Toronto okays $10m in city funds for soccer stadium expansion

Toronto F.C. won the first round in its quest for public money to expand BMO Field from 21,000 to 30,000 seats, as the Toronto city council’s executive committee voted overwhelmingly on Thursday to kick in $10 million toward the $120 million project. The city money would supposedly be repaid by added parking revenues from the expanded stadium, though if SBNation’s Toronto F.C. blog is correct, this is just a projection, not a guarantee.

In any event, Maple Leaf Sports and Entertainment, which owns the soccer team and is perpetually rumored to be interested in luring the Argonauts CFL franchise as well, still needs to get $10 million apiece from the province of Ontario and the Canadian federal government, neither of which is nearly as sure a thing as the Toronto money.

You can read more of the Toronto agreement here, though it doesn’t actually spell out all that much, and is of course completely mum on the provincial and federal funds, or on how (or whether) they’d be repaid at all. There’s still a long way to go for this project — and, since this is Canada, it’s an extra ten yards farther.

Toronto considering soccer field expansion, still mum on funding details

Toronto city councillor (and Exhibition Place chair, because that’s how they roll in Canada) Mark Grimes tells the Toronto Sun that Maple Leafs Sports and Entertainment, which owns Toronto F.C. in addition the Maple Leafs, is “getting close” to a deal to expand BMO Field for both the soccer team and possibly the CFL Argonauts, who currently play at whatever SkyDome is called these days. As for what the deal would look like, though, it’s about as vague as when MLSE first discussed it last month, with Grimes saying only, “It is going to cost us money to expand, there is a portion that we would pay that we’d be guaranteed back.” (Eeeagh, comma splice!)

The big question remains whether “guaranteed back” means actual revenue to the city to repay the money it would be fronting, or some bogus “repayment” involving taxes the teams would have to be paying anyway. It would be really, really nice if someone with better access to the principals involved — I don’t know, maybe some Toronto newspaper named after Earth’s nearest star? — would ask these kinds of questions at some point, but I guess there’s only so much one can ask, even of Canada.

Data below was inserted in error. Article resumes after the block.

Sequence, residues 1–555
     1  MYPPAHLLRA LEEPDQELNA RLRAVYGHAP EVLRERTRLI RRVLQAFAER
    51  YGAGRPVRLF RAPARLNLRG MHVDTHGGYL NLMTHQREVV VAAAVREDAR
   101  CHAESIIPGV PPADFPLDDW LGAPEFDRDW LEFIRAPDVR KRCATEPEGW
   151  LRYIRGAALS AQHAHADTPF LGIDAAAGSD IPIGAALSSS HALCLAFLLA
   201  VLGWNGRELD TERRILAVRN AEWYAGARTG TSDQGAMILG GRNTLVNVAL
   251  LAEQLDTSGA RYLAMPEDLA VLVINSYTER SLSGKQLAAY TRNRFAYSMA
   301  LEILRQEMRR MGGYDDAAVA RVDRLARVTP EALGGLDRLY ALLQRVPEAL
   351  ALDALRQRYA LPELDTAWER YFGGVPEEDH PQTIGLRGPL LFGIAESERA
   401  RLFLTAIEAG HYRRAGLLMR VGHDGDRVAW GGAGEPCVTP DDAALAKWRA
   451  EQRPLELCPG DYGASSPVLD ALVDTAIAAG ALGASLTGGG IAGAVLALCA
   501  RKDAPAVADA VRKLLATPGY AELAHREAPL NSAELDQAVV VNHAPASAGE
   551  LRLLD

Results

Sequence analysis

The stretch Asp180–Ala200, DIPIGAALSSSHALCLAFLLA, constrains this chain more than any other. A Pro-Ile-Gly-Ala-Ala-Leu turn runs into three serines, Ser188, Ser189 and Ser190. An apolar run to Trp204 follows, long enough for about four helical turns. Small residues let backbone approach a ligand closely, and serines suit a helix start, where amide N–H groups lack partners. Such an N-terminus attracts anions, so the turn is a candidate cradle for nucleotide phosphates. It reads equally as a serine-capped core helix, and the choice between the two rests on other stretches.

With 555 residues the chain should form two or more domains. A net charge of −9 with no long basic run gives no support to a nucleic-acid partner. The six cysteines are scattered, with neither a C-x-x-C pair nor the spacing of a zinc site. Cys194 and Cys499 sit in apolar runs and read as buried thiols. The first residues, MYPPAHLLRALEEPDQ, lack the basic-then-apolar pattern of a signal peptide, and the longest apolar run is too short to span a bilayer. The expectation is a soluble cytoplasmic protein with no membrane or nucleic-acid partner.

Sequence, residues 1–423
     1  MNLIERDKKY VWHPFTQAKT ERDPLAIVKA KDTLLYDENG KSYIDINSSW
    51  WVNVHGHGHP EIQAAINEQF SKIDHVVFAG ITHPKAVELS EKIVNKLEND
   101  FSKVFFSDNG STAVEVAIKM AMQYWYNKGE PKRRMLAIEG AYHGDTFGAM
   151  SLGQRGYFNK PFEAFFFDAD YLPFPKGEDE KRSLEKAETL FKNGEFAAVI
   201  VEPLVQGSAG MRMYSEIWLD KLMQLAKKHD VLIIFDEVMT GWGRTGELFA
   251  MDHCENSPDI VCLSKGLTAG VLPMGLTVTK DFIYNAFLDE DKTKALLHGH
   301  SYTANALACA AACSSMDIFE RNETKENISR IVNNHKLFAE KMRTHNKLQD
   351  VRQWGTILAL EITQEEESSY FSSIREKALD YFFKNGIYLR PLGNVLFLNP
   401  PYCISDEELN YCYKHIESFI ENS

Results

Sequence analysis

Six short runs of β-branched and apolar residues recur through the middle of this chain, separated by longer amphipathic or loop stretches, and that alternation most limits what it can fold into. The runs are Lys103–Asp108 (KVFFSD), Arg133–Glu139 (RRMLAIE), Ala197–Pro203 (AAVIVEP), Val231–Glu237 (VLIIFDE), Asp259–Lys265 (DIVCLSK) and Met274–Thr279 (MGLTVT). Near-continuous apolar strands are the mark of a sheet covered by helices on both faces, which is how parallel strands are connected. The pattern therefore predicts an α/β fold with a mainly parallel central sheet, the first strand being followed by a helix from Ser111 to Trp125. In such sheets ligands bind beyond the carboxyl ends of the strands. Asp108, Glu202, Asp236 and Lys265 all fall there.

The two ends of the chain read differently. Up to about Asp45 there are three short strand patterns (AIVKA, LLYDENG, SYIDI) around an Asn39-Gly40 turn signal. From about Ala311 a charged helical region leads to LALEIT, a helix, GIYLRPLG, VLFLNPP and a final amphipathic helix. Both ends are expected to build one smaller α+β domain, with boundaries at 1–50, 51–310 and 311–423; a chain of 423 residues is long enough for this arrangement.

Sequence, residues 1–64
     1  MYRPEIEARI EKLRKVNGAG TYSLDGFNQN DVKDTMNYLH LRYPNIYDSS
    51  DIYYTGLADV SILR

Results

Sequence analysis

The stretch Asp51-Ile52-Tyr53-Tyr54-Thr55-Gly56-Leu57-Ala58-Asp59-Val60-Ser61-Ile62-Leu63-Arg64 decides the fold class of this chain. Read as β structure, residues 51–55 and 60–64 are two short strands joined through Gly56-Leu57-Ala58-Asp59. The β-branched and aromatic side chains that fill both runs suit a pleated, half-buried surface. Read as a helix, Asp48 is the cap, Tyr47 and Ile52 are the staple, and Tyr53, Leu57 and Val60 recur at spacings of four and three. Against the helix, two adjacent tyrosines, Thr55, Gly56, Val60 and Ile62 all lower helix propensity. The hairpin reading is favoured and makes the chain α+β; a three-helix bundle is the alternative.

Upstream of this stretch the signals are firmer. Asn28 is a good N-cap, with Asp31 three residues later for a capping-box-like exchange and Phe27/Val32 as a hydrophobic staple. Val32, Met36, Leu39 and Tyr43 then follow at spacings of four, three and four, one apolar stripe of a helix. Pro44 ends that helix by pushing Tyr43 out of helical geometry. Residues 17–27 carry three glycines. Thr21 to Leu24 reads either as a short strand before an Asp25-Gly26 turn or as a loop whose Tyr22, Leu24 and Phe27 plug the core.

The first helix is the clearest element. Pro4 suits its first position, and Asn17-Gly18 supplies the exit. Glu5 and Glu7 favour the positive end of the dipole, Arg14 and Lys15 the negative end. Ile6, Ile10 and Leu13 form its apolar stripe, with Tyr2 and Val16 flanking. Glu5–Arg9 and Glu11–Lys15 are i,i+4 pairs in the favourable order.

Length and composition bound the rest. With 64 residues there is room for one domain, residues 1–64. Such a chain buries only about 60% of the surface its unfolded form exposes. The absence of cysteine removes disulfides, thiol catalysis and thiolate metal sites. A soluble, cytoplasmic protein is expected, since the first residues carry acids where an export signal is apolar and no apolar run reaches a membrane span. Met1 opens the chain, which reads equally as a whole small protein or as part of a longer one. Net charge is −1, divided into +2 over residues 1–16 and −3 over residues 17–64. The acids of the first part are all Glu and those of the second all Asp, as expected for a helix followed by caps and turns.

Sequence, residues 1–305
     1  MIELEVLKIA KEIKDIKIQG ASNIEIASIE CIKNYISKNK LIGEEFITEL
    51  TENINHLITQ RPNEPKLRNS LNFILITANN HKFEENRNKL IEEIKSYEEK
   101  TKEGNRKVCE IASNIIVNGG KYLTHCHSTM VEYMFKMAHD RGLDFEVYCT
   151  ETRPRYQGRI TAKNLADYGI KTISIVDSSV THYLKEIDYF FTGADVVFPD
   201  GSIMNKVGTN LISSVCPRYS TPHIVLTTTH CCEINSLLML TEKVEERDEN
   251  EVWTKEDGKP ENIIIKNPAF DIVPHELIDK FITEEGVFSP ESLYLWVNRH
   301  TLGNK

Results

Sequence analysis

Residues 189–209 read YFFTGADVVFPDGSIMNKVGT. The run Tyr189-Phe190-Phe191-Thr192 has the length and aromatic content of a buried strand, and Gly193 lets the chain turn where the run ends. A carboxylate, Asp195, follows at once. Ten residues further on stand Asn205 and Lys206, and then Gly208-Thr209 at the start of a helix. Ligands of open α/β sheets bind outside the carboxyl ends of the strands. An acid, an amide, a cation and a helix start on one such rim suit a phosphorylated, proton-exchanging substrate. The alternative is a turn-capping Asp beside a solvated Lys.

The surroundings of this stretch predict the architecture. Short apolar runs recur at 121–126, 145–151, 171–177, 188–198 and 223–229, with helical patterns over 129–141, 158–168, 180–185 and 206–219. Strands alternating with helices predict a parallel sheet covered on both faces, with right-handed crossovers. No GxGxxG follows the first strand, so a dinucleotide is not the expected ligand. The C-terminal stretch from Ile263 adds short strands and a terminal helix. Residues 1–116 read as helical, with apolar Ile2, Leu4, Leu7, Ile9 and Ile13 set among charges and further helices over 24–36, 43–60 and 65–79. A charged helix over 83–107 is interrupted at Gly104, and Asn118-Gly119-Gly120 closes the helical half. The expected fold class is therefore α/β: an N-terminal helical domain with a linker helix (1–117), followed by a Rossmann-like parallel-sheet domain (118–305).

Dolphins, Argonauts: We need new stadiums because our old ones are too roomy

Yesterday was the Canadian Football League’s Grey Cup, and I bet most of my non-Canadian readers couldn’t tell you what the score was, what teams played in it, or how many yards long the field was. (They might have heard that Justin Bieber got booed lustily at halftime, though.) But anyway, championship games aren’t really about winners and losers, they’re about media opportunities for league commissioners to stump for new stadiums:

The Toronto Argonauts need to have their own, smaller stadium in the long term, CFL commissioner Mark Cohon said Friday as he fielded questions following his annual state of the union address.

“They want to make the Rogers Centre work and you will see on Sunday when that stadium is full that it’s exciting,” Cohon said. “But I think long term, when you look at the size of the new Tiger-Cats stadium and the size of the new stadium in Ottawa, all around 24,000 seats, that’s perfect for CFL football.

“I think a long-term plan should incorporate a strategy around potentially a new stadium in the Toronto region.”

The Rogers Centre (née Skydome) was, of course, built at huge public expense in part to serve as the home of the Argonauts, which is why it has that old-school circular shape and artificial turf. Any prospect of a new Argos stadium is a long way off just yet, but if it picks up steam, you have to wonder if the Blue Jays owners will begin agitating for a baseball-only facility as well. In fact, really shouldn’t every sports team have one stadium for well-attended games, and a smaller one for games where tickets are hard to come by? It’s been done before.

And the Argonauts aren’t the only ones complaining that their stadium is too plus-sized:

Completed in 1987 as team founder Joe Robbie’s answer to the decaying Orange Bowl, the Dolphins’ home is now the 10th-oldest stadium in the NFL. It has few eye-popping features to compete with the home-viewing experience and, with a capacity of 75,540, it’s too big for the club’s dwindling number of season-ticket holders…

The stadium has seen more than $300 million in improvements in the past 7 1/2 years – primarily in upgrades to the club and suite levels and the high-definition scoreboards – but attendance remains disappointing and the low-tech facility doesn’t give Super Bowl bids much punch.

“We’ve got a 25-year-old facility, and it clearly needs some tender loving care,” Dolphins CEO Mike Dee said. “This facility, in its current form, is not going to serve the anchor tenants for the long-term. We’re going to be in a competitive environment with a lot of facilities that have been built in the last 10 years. Clearly, it’s something that’s going to have to be addressed at some point.”

So, to recap: The Dolphins need a new stadium in order to draw more fans, and also to accommodate fewer fans, and also because it’s 25 years old, except for the parts that were just upgraded. Maybe they should go back to complaining that they built the seating bowl all wrong, and won’t someone please fix it for them?